With perceptual modes seen as contingent and entangled in a technical history of diverse perceptual prostheses, the question of perception is opened into a vast technological milieu and series of mediations. The (post) phenomenological notions of ‘rendering the invisible visible’ (Merleau-Ponty 1968) no longer apply to the context of image ‘ensembles’ that remain fundamentally distributed and that are not of the order of representation (MacKenzie and Munster 2019). In physics, resonance is the tendency of a system to vibrate with increasing amplitudes at certain frequencies of excitation. In cybernetics and in theories of technology, it refers to systems’ feedback (Simondon 2013). In native science, where the multiverse is an energy-matter continuum, resonance refers to the axiology of positions and events. It’s a form of multi-species perception that emphasises emergent directionality and protean perceptual-mnemonics (Cajete 2000), based, in part, on implicate order (where two subatomic particles that have once interacted can respond to each other's motions thousands of years later (Bohm 1980)).
The aim of this transdisciplinary volume is to examine resonant frequencies in the structuring of animal-human-machinic perceptibilities and their becoming-technique, matrix, or technology through confluence, concrescence, negentropy, and, conversely, dissipation, erosion or entropy. It’s to open up a space of reflection on interspecies microperceptions that lie beneath the threshold of known perceptions, yet create spatio-temporal, geolocative and energetic inscriptions and vibrations. The collection is divided into three sections:
Section 1, Entanglement, addresses trans-temporal multiprocity through tropes like triggering, encrustment, fossilisation, encoding, multiplying, re-assembling, superposition, contagion and transversal aggregates. The central question here is: how do ‘patterns of differencing’ modulate the discordant simultaneity of living and machinic umwelts, their (re) configurations or erasures that form part of the world’s ‘iterative becoming’? (Barad 2007)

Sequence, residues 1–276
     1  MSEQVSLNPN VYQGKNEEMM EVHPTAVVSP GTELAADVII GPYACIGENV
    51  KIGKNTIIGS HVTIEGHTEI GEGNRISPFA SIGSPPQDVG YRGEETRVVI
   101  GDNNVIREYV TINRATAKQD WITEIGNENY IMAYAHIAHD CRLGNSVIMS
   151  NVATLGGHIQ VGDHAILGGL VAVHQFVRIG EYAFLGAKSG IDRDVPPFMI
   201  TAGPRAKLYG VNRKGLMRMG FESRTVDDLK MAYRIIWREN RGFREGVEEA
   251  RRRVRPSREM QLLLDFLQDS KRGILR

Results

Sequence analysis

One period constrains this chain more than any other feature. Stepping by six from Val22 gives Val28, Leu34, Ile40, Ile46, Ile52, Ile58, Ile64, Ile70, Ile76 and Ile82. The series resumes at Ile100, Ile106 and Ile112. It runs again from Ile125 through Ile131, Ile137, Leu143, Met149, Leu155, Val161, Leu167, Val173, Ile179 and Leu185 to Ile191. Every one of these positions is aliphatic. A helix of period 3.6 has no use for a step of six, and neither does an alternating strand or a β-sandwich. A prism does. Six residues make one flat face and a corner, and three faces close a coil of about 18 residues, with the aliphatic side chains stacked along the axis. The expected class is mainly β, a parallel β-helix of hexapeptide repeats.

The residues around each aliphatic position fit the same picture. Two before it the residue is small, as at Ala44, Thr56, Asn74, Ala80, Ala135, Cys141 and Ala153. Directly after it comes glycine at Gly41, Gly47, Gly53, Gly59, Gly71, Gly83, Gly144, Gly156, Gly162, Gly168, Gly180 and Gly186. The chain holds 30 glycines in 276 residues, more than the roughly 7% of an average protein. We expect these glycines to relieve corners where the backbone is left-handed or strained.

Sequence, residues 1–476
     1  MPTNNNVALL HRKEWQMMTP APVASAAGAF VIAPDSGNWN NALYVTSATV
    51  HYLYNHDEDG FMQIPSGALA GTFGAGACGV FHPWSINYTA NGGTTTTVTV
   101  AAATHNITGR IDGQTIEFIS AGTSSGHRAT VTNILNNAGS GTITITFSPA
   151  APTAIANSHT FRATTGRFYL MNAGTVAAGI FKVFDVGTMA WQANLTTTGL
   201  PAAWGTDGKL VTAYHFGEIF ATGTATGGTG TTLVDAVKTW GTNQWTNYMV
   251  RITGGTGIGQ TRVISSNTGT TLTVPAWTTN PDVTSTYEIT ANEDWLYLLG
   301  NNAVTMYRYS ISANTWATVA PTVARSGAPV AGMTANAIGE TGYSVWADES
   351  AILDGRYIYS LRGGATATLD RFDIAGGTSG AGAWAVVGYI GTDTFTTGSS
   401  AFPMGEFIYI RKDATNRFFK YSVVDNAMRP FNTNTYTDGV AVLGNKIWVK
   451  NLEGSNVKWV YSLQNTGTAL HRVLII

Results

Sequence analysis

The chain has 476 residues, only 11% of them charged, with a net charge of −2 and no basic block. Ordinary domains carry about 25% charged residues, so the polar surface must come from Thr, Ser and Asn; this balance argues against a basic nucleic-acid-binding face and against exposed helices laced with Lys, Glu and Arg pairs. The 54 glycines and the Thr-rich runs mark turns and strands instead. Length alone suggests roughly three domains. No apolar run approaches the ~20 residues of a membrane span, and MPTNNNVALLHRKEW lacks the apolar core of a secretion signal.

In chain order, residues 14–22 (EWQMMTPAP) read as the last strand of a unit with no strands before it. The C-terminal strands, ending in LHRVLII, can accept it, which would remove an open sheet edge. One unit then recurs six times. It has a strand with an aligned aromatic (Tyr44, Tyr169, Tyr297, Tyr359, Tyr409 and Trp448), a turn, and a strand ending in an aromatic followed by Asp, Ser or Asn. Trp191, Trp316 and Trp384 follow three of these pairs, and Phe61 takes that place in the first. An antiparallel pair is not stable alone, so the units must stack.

Section 2, Plasticity, addresses the distribution and modification of new resonances with questions such as: how does a body or structure – as the contraction of many perceptual moments into a certain kind of whole – accommodate new perceptions? How does it maintain a degree of homeostatic stability amidst heterostasis? How does it mend rupture, assimilate drastic changes, adapt, and persist; how does it become?
Section 3, Organology, addresses the intrinsically synthetic continuation of life through the production of new tools and technologies. It’s concerned with cross-scale interspecies rhythms, crystallisations and inscriptions. Questions here center on the ‘piloting’ role of the diagram in working towards a futural projection without a specific identity; on the consistency of apparatuses of distributed perception; and the means of stability that maintain relatively or temporarily stable environments.
Possible topics include but are not limited to:
- Organic, geological and machinic feedback loops
- The perceptual ecology of indigenous ontologies
- ‘Interspecies smalltalk’ (Behrman 1984): mechanisms and practices of animal-human-machine-etc. entanglement
- The relationship between the infinitesimal and the infinite in cross-species technologies
- Animal, human and machinic interoception
- Historical forms of machinic perception such as Rosenblatt’s Perceptron
- Patternicity, appaternicity and their calibration in machinic vision
- Animal, human and machinic delirium
- Cross-species information mapping, e.g. procedures used by ‘knowledge engineers’ (who in the early developments of machine learning extracted operational knowledge from human experts and turned it into computer procedures)
- ‘Digital frottage’ as the coming-into-view of interactions and sedimentations of different surfaces in digital image processing
- Interspecies perception in artistic work, e.g. that of Shen, Ri, Kac or Jeremijenko
- Architectural transpositions of animal to machinic techniques, e.g. those of molluscs, caterpillars or fungi which self-maintain their living conditions by memorising their environment in the form of embodied, spatially distributed knowledge
- Vegetal perception and its impact on generative interspecies design via plant and cellular organisms (Baluska and Mancuso 2015)